Thoughts on Attainable Housing

Kerri Headshot NHPCOGuest blogger: Kerri Ervin, MJ, MS, Chief Compliance Officer at Avow

LCF Alumni Association: Thoughts on Attainable Housing

Most people who cook and serve your food, take your blood work, or check you out at the store are shut out from living in Collier County, giving rise to a lifestyle change for all who come to the area. Yesterday I attended the “Leadership Collier Foundation Alumni Association Leadership Lunch” session, Advancing Attainable Housing for all in our Community, via Zoom. Like many others, I was busy trying to complete tasks and stretch my time; however, this is an important topic I made sure to fit onto my calendar.  I’m vested in finding a solution to this ongoing issue in Collier County As a registered nurse, I, too, am an essential worker. Attainable housing is a topic I have long considered and been affected by. Working and living in Collier County for almost 20 years, my kids have gone through school here, and my career has been spent caring for people in this community. If I had to find housing tomorrow, I’m not sure I could continue to live in Collier County. In fact, the reason I was so busy at the time of the lunch was partly because it is so hard to attract workers to the area. We are all attempting to hire the same individuals or recruit workers to move here. Over and over, employment offers are declined because workers cannot find affordable housing. Instead of staying or moving here, these essential workers choose another, more affordable area to live and work. Over time, this erodes the very lifestyle we’re used to and hope to attain.

When the session started, I was uplifted to see 60 or more fellow alumni in attendance. The session wasn’t doom and gloom; it was a call to action, providing attendees information on how we can work together to reverse the trend, which is critical to ensuring the health and wellbeing of Collier County. Stephen Hruby – Architects Unlimited / Collier County Affordable Housing Advisory Committee, Steve Kirk – Rural Neighborhoods, Golden Gate Project, and Michele Hylton-Terry – Executive Director, Fort Myers Community Redevelopment Agency provided attendees with information to develop our own elevator speeches, and become advocates within our organizations and community to effect change. In fact, Mr. Hruby expressed that change will require the will of advocates and the community. We must be engaged. We need to recognize the problem and the assets, resources, and time it will take to solve this problem. Be vocal, be an advocate, be an influencer.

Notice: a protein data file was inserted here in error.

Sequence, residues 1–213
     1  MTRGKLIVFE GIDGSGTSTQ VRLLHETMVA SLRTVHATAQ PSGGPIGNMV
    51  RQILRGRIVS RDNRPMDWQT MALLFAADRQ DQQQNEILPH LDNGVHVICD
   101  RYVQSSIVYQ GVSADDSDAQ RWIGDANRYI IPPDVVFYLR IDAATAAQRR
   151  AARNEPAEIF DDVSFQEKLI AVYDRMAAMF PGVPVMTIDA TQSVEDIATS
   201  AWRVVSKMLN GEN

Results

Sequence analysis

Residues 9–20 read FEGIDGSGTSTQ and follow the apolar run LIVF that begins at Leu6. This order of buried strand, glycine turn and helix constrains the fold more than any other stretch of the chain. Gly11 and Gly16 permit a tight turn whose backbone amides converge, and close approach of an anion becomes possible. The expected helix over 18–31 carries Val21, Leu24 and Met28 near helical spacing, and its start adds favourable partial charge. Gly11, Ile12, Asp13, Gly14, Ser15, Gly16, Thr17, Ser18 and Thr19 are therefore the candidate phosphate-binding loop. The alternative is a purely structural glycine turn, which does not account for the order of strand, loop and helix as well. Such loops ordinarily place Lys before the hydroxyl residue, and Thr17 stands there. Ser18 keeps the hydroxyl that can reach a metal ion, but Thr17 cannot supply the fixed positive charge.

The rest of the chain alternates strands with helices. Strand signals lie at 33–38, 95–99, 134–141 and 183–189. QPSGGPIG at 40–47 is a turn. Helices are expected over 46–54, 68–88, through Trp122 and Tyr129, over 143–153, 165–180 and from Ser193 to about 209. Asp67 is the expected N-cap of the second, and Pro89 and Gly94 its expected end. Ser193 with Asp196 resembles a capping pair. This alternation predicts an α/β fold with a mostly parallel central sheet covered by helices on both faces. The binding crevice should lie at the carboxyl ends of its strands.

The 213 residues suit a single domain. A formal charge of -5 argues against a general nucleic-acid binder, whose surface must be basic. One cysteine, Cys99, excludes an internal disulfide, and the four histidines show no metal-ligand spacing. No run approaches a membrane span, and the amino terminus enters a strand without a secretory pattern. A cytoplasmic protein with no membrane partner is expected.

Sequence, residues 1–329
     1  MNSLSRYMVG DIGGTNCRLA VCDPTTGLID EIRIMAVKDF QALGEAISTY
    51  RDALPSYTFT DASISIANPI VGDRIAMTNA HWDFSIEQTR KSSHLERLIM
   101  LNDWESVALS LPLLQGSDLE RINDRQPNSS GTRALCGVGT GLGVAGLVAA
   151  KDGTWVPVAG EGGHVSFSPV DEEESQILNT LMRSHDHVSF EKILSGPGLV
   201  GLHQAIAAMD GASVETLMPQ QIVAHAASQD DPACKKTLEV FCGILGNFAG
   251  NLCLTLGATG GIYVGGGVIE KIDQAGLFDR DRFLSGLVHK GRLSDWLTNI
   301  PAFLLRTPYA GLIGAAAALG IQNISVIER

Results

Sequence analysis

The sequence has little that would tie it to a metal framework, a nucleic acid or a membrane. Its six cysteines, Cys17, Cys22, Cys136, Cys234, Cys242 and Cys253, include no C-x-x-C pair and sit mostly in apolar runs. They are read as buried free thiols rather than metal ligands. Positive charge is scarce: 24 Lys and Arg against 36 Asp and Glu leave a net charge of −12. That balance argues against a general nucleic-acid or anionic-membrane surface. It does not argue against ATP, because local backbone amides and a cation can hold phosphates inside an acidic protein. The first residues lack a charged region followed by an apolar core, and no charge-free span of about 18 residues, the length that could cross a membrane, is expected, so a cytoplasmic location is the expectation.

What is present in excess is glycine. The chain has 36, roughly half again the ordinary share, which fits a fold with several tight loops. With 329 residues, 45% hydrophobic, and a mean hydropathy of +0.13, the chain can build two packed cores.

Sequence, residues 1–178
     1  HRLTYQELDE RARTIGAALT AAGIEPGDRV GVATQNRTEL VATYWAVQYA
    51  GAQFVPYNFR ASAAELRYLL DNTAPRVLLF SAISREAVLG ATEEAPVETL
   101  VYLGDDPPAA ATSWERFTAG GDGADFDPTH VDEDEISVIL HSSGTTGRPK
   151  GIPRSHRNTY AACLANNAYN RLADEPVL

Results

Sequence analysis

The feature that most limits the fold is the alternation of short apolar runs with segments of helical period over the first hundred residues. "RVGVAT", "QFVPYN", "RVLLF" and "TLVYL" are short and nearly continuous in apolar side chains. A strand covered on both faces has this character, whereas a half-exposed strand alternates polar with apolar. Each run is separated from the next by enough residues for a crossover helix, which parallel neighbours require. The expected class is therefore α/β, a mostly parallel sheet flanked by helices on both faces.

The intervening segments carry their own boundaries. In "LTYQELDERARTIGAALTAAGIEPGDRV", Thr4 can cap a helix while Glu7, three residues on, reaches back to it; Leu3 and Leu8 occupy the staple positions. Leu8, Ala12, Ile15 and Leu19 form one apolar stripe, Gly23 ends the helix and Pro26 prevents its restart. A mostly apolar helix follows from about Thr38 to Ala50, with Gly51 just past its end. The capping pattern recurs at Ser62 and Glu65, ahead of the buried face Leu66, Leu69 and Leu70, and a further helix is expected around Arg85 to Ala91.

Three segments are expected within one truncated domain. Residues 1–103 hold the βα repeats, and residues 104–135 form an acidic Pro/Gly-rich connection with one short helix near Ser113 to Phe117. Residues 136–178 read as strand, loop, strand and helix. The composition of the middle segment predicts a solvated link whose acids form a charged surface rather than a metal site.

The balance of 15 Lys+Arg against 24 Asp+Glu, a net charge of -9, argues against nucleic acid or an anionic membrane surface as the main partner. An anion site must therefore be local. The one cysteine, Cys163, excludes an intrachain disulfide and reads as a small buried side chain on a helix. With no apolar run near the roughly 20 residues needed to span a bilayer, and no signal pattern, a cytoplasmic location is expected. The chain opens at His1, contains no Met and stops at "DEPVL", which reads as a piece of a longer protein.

I hadn’t considered some of the side effects of inadequately addressing the housing crisis. Some are easy to see, and we are affected by them daily. Longer wait times at restaurants, longer lead time to book lab or doctor appointments, and difficulty filling open positions at work, to name a few ways the lack of affordable housing affects local businesses. Others are less obvious on the surface, and I hadn’t truly considered the impact. For example, roads. If we fail to invest in housing, more money is spent on roads. More interchanges are needed, which cost hundreds of millions of dollars. When workers cannot afford to live in the community they work in, they live further away and commute until they quit and find work closer to home. The Collier County Community Housing Plan from 2017 stated it this way, “Their daily commutes from neighboring counties add to the traffic congestion on the roadways and diminish quality of life and active citizen participation.” More workers commuting contributes to congestion on the roads, leading to the need for more roads and overpasses to be built. Money is diverted from affordable housing to pay the cost of building roads. For 2021 and 2022, the Florida Department of Transportation is spending $2.5 billion for highway construction of 210 new lane miles. It’s not less expensive in the long run.

Ms. Hylton-Terry discussed some of the exciting things happening in Fort Myers to enhance affordable housing programs and chip away at the issue. One of the programs she spoke about is a reverse loan program that allows smaller developers to participate in a mentoring program where they receive a loan to develop property in an area the money was generated from and have 24 months to repay the loan. That money is then reinvested in the next developer. The developers must make the properties affordable for a certain period of time. Timeframes ranged, but discussion of 10-50 years was brought up throughout the session.

How can we be vocal? Take an aggressive and active role to amplify the need. It is nearly impossible to catch up on affordable housing. Continue your education on the topic and: prepare your elevator speech; discuss how your business can be a part of the solution; consider attending commission meetings. The Greater Naples Chamber President and CEO Michael Dalby did a great job of explaining this in his chat comment stating, “The best speeches note real-life examples of the negative impact of the lack of affordable housing – staff or employed friends leaving due to increased rents or lack of housing, hiring challenges, etc.”

Where can we find information on the issue and what community needs are and gather facts? The 2017 the Collier County Community Housing Plan.

Collier County Community Land Trust:




By Red Gamso | Feb 24, 2022 | Guest Blog

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